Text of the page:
I come from the generation of listeners who waited for the hot solo in the midst of what we were taught (by the communal listeners’ culture) was dull by comparison. And some of those solos were frankly electrifying. Here is a memorable example:
The caricature of such listeners is the people who wore out the Bix solo on the Whiteman SWEET SUE but left the rest of the record’s surface black and gleaming.
But I have come to see how limiting that was. Consider this 1931 recording of a sweet pop song. It’s a Ben Selvin group, with a vocal by the demurely named Paul Small. This record (and the other side, WHAT IS IT?) finds no mention in a jazz discography, yet it is very satisfying music. For one thing, it is beautifully played — great dance music, wonderful strains to be holding one’s love, whether any apologies have been tendered or received in the recent past.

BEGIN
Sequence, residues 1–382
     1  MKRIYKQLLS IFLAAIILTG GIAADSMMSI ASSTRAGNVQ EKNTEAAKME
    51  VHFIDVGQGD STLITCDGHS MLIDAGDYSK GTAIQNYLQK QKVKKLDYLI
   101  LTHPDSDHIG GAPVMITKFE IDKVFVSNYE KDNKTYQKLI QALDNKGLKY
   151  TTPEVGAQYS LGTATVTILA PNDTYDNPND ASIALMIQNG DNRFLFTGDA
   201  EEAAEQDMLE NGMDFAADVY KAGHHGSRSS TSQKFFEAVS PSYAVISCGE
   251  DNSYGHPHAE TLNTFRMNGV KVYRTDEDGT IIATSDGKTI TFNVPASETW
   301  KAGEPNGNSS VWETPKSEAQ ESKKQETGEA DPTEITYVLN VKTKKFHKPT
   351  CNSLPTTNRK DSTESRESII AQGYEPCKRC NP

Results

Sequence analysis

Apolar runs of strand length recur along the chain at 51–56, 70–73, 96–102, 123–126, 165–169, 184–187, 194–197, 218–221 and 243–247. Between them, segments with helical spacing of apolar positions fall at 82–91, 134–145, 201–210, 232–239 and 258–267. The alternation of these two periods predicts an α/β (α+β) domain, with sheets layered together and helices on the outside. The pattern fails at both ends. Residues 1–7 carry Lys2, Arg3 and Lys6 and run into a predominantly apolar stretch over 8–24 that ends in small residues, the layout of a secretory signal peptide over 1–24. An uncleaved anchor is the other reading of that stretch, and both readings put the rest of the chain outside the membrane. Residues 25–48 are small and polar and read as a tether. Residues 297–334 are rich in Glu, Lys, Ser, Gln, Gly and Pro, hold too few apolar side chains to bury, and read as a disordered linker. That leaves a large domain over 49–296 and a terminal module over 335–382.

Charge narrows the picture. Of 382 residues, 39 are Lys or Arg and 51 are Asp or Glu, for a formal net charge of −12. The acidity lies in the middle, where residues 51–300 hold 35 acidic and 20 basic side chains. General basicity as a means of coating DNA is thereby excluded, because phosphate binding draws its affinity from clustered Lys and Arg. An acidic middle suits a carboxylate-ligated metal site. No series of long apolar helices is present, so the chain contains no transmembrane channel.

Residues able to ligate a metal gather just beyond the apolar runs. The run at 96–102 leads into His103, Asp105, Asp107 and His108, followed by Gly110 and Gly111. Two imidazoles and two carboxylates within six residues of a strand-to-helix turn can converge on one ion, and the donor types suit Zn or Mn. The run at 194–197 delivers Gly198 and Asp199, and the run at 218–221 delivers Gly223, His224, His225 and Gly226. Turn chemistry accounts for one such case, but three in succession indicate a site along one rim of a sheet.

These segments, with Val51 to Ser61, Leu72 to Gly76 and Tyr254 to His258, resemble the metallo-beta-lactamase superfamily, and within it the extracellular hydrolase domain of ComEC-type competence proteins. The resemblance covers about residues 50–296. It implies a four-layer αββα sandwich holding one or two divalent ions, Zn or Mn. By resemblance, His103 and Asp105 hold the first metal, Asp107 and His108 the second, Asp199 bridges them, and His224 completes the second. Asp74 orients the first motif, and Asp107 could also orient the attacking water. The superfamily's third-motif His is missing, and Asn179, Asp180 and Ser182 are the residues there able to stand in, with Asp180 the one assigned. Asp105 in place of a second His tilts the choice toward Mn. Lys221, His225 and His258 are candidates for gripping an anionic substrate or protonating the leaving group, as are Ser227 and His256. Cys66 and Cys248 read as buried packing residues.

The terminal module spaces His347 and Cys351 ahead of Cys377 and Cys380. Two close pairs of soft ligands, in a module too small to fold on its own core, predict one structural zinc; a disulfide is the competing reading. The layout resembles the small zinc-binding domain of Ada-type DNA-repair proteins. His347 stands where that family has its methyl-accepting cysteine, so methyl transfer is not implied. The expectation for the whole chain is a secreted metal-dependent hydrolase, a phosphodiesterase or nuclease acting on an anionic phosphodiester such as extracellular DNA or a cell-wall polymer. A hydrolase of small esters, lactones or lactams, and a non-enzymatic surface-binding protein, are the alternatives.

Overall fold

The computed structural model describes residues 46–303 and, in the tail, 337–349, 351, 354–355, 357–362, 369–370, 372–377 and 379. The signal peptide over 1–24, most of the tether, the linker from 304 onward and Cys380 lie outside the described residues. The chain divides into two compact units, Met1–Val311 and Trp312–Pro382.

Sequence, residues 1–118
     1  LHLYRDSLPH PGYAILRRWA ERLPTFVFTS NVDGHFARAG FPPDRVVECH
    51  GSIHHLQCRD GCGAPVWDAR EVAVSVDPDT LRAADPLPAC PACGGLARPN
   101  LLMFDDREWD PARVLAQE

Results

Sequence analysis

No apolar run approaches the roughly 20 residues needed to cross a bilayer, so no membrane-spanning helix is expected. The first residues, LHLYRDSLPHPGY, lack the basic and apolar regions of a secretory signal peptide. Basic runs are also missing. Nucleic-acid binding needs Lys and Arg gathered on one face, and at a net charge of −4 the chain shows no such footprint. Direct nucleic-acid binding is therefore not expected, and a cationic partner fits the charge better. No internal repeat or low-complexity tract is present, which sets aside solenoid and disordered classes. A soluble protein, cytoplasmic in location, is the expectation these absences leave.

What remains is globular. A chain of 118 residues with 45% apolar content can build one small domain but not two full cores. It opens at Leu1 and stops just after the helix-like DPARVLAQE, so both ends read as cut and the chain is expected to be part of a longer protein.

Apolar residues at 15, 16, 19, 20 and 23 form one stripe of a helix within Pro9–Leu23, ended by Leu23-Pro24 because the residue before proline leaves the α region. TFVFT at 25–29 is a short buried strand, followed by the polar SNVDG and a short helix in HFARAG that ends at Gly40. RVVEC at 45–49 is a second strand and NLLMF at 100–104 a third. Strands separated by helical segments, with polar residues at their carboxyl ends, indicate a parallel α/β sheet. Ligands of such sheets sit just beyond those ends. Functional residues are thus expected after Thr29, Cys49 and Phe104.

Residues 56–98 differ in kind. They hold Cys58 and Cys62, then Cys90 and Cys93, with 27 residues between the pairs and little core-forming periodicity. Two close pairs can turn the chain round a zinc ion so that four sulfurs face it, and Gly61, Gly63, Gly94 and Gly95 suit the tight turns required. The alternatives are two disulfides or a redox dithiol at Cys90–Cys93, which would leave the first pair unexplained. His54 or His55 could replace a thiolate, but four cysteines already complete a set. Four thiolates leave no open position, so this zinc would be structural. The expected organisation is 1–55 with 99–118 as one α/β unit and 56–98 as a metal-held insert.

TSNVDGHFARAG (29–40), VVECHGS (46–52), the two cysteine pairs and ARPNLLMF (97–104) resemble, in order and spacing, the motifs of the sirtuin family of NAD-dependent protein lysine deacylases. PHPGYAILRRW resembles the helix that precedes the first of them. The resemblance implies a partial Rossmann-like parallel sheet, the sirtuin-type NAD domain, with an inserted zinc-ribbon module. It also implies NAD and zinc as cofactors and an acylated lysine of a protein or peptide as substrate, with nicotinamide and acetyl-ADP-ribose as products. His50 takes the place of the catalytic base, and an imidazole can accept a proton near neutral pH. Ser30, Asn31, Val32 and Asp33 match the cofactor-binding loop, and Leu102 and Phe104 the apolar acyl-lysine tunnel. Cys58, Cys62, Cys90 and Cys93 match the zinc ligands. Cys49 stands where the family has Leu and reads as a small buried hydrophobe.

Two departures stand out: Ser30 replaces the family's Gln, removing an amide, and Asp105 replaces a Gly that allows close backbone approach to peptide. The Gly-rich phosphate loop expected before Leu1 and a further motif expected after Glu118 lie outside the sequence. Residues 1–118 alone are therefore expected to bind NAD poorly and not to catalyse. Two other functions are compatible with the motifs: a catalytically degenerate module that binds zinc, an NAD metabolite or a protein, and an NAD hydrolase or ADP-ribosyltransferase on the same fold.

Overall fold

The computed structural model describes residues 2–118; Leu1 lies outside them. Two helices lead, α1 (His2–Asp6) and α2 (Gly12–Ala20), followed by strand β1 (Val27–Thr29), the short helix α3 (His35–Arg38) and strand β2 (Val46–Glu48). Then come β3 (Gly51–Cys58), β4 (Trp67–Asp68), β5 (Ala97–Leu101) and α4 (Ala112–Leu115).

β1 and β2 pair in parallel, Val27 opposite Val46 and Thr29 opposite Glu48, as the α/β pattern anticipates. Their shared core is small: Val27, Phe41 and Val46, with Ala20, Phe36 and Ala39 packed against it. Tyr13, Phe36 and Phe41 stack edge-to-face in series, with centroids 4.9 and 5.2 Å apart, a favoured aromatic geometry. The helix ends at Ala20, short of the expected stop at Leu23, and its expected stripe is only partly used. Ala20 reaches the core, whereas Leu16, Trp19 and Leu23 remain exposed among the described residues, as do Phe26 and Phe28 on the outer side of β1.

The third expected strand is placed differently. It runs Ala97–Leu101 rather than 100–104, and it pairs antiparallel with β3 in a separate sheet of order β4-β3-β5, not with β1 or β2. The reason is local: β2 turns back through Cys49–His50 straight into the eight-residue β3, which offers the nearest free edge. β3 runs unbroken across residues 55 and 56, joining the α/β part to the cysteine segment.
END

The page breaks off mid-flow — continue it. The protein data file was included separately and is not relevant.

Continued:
The other reason is the deliciously subtle but pervasive guitar of Salvatore Massaro, “Eddie Lang” to the rest of us — who begins the side with an instantly recognizable introduction, and is audible behind the vocal and uplifting throughout.
And they say men don’t know how to apologize. What wonderful music, what danceable tenderness.
May your happiness increase!